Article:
Miocene Ethiopian amber: A new source of fossil cryptogams

Valentine Bouju, Kathrin Feldberg, Ulla Kaasalainen, Alfons Schäfer‐Verwimp, Lars Hedenäs, William R. Buck, Bo Wang, Vincent Perrichot, Alexander R. Schmidt

Tutkimustuotos: ArtikkelijulkaisuArtikkeliTieteellinenvertaisarvioitu

Abstrakti

Amber is renowned for the exceptional preservation state of its inclusions, allowing detailed morphological analysis and providing relevant environmental, palaeoecological, geographical, and geological information. Amber deposits are predominantly known from North America, Europe, and Asia, and are considered
to be rare on the continents that formed Gondwana. The recent discovery of fossiliferous amber deposits in Ethiopia, therefore, provides an inimitable opportunity to close gaps in the fossil record of African terrestrial biota and to study organisms which are otherwise rare in the fossil record. Here we show that diverse cryptogams are
preserved in highest fidelity in Miocene Ethiopian amber. We describe gametophyte fragments of four liverworts:
Thysananthus aethiopicus sp. nov. (Porellales, Lejeuneaceae), Lejeunea abyssinicoides sp. nov. (Porellales, Lejeuneaceae), Frullania shewanensis sp. nov. (Porellales, Frullaniaceae), and Frullania palaeoafricana sp. nov. (Porellales, Frullaniaceae). Furthermore, we describe a pleurocarpous moss of the extant genus Isopterygium (Hypnales, Pylaisiadelphaceae) and a lichen representing the order Lecanorales. These new specimens represent the first amber fossils of liverworts, mosses, and lichens from the African continent and render Ethiopian amber as one of the few worldwide amber deposits preserving bryophytes (mosses and liverworts) or lichens. Fossil species of Thysananthus were recorded in Eocene Baltic and Oligocene Bitterfeld as well as Miocene Dominican and probably also Miocene Mexican ambers. Fossils that can unequivocally be assigned to Lejeunea have only been found in Dominican amber so far. Neotropical ambers contain only one taxon of Frullania to date, while the genus is most diverse in Baltic, Bitterfeld, and Rovno ambers, formed in temperate regions. The new fossils support a tropical to subtropical origin of Ethiopian amber. The new African liverwort fossils are included in an updated list of leafy liverworts described from worldwide Cenozoic ambers to date.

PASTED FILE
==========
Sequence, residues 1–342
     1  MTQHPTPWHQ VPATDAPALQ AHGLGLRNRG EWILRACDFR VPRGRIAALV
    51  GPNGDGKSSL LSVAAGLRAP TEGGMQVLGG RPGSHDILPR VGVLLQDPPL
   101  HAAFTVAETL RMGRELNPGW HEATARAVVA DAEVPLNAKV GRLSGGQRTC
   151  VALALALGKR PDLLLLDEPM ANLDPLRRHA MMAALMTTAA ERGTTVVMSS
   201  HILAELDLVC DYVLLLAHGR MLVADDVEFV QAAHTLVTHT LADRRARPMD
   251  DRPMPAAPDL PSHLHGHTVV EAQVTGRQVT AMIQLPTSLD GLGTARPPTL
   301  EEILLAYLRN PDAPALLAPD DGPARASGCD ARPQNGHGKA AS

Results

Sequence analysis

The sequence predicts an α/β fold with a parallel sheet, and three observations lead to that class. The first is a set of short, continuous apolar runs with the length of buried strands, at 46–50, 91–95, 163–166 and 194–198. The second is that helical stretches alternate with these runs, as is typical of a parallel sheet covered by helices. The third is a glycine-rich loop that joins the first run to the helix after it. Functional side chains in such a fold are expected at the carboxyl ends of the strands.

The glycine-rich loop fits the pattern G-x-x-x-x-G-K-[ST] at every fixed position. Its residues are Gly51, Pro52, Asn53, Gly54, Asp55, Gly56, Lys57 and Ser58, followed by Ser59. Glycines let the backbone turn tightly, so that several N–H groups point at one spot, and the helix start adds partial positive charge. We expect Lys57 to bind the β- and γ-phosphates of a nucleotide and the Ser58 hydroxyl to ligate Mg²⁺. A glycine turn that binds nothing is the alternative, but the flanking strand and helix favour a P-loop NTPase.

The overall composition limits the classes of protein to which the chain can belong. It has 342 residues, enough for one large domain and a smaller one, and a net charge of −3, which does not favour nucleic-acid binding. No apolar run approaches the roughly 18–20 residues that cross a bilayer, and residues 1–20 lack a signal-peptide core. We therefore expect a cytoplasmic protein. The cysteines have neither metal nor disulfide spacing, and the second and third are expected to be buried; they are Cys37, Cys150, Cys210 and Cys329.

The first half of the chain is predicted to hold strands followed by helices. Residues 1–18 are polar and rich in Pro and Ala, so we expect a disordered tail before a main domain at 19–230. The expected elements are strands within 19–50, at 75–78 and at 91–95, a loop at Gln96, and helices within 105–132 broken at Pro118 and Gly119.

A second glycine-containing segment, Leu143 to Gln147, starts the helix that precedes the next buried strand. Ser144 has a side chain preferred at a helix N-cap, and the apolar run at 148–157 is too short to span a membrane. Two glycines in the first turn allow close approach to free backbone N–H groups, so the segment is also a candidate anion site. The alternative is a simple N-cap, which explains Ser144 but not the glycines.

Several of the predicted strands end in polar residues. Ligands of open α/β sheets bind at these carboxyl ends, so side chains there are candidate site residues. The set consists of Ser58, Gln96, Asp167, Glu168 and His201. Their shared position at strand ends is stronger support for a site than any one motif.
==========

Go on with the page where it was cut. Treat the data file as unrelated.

Alkuperäiskielienglanti
LehtiJournal of Systematics and Evolution
Sivumäärä23
ISSN1674-4918
DOI - pysyväislinkit
TilaJulkaistu - 2021
Julkaistu ulkoisestiKyllä
OKM-julkaisutyyppiA1 Alkuperäisartikkeli tieteellisessä aikakauslehdessä, vertaisarvioitu

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